Quick one today, as there’s not a lot to say. I’ll let the pics do most of the talking.
Everyone knows the crabapples, and if you’re after a white flowering one, you’re kind of spoiled for choice.
Ultimately, it would be the fruit that would probably be what would guide your selection, whether that’s for large orange-red fruit on ‘John Downie’, or smallish red fruit on ‘Gorgeous’ or medium sized yellow fruit on ‘Golden Hornet’. Or maybe it’d be the shape of the tree – ‘Golden Hornet’ in particular, forming a distinct vase shape.
My current favourite crab – quite possibly only because it’s amongst the rarest in the trade (though I’d like to think that there’s more to my discernment than just that) – is Malus toringoides, the cut-leaf crab. The occasional lobed leaves are an interesting addition, but without looking closely and deliberately, you probably wouldn’t even notice them on a mature plant. My limited experience so far would suggest they’re much more evident on a young plant. The flowers are on the small side, but when it comes to crabapples, it’s never really about flower size, but about abundance. And abundant they are.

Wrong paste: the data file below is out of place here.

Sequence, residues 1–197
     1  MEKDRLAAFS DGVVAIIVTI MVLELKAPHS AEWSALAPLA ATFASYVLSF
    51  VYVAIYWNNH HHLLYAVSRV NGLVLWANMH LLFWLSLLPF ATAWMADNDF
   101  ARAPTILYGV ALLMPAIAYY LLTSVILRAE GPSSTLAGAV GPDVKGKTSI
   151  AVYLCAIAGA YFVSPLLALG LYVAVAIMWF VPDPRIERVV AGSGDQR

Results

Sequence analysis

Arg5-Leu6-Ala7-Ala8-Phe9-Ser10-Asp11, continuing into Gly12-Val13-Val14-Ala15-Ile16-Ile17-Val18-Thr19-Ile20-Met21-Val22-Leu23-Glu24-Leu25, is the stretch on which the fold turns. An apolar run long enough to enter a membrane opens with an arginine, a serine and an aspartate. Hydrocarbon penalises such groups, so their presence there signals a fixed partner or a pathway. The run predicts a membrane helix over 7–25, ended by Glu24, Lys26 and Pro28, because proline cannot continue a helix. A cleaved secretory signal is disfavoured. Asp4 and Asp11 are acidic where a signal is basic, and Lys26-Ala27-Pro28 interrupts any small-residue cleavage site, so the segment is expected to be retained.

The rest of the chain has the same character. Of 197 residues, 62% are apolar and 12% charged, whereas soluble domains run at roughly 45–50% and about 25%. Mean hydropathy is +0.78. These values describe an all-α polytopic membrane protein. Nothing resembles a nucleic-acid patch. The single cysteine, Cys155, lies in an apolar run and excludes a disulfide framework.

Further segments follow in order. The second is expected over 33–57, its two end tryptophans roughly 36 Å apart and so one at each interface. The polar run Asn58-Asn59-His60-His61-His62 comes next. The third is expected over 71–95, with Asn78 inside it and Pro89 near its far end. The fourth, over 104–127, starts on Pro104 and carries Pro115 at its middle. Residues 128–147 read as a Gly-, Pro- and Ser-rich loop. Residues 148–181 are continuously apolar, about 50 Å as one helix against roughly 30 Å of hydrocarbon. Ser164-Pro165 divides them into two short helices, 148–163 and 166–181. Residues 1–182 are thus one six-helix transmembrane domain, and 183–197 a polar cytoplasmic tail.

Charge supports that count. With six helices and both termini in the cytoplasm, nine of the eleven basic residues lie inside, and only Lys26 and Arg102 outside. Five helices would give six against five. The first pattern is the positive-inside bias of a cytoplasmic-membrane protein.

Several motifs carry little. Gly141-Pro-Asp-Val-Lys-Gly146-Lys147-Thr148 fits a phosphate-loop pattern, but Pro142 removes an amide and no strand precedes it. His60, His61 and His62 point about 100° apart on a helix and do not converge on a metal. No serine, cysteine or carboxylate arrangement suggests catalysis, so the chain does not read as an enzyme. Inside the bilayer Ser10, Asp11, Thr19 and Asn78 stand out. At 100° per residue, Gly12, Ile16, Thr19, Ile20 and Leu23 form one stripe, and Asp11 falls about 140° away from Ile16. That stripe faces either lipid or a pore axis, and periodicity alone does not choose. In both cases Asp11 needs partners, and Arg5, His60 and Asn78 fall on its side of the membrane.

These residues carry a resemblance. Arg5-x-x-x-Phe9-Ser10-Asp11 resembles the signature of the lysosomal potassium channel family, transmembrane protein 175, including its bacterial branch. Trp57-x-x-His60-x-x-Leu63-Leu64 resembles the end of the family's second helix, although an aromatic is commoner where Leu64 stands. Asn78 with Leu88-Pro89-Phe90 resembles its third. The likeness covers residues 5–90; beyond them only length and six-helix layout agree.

The references all say that Malus toringoides will grow to eight metres, but the garden plants I’ve seen have been no more than half of that.
The crowning glory, and the real distinction, is the fruit, which is small, but apricot blushed red, and with a remarkable transparency that, when back lit, glows like stained glass. In fact, the client in whose garden I first saw it told me that she knew it as the stained glass crab apple. There’s no reference to such a thing online, but it’s the perfect descriptor and the one that most makes me want to grow it.
Being a species, you can grow it from seed. I sowed some a couple of years ago, and rowed out the pot of seedlings into a spare bed a few weeks ago, just before they leafed up. They’re now growing with gusto, and I stand there, like a proud parent, gloating over their deeply cut, triangular leaves, and cheering them on.